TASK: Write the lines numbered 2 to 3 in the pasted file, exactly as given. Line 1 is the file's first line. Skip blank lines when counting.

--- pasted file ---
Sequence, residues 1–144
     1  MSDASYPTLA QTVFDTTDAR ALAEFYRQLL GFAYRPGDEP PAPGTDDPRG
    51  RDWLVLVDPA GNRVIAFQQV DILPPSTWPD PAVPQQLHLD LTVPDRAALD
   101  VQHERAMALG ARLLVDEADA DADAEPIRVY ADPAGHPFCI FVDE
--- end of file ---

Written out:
     1  MSDASYPTLA QTVFDTTDAR ALAEFYRQLL GFAYRPGDEP PAPGTDDPRG
    51  RDWLVLVDPA GNRVIAFQQV DILPPSTWPD PAVPQQLHLD LTVPDRAALD